Yikes! Has this one become a vintage instrument?
Gryphon Mandolin

© Frank Ford, 2005; Photos by FF

Yeah, it creeps me out to think that it's been thirty-five years since I made this mandolin. A few years ago, the celluloid fingerrest started to decompose and crumble like so many old ones I've seen. I suppose we're getting old together. . .

I don't have a lot of "vintage information" to give you about this one, except to say it is an early example of my work. The back and sides are maple I got from a violin wood supplier, the same source I used for the spruce top. The peghead veneer is a cutoff from a Brazilian rosewood guitar back, and the inlay on the fingerboard is my own design, loosely based on an early Bacon Professional banjo.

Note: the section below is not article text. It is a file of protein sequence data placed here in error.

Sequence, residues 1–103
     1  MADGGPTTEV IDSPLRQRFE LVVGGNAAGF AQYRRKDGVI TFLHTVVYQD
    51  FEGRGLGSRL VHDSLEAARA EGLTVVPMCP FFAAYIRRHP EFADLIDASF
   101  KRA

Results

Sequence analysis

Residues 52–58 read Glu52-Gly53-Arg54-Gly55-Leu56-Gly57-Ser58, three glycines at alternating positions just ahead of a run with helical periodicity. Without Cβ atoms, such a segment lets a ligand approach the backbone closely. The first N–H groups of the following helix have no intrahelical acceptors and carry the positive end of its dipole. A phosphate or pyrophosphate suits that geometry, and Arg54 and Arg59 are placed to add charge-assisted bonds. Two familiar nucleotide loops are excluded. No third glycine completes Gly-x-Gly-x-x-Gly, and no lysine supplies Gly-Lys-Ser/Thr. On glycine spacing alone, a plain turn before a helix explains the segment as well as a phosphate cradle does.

I traced the body outline from the treble side of my Gibson F-4, and doubled it over to form the bass side. The f-holes are copied from a 1960s F-5. The top and back are quite thin, tapering from about 1/8" in the center, to 3/32" at the edges. The top braces are about twice as heavy as the Loar era F-5s, but that's really not so heavy, considering the thin top. The mandolin has been under tension continuously since I built it, and the top shows not the slightest sign of sinking, so I'd say it's pretty stable.

Check out the peghead logo. This first Gryphon logo was drawn by our old friend, Rick Shubb, of Shubb Capo fame.

Please click the small image

The bridge has an ebony top and a hollow maple base.

Click here for more on this very light bridge.

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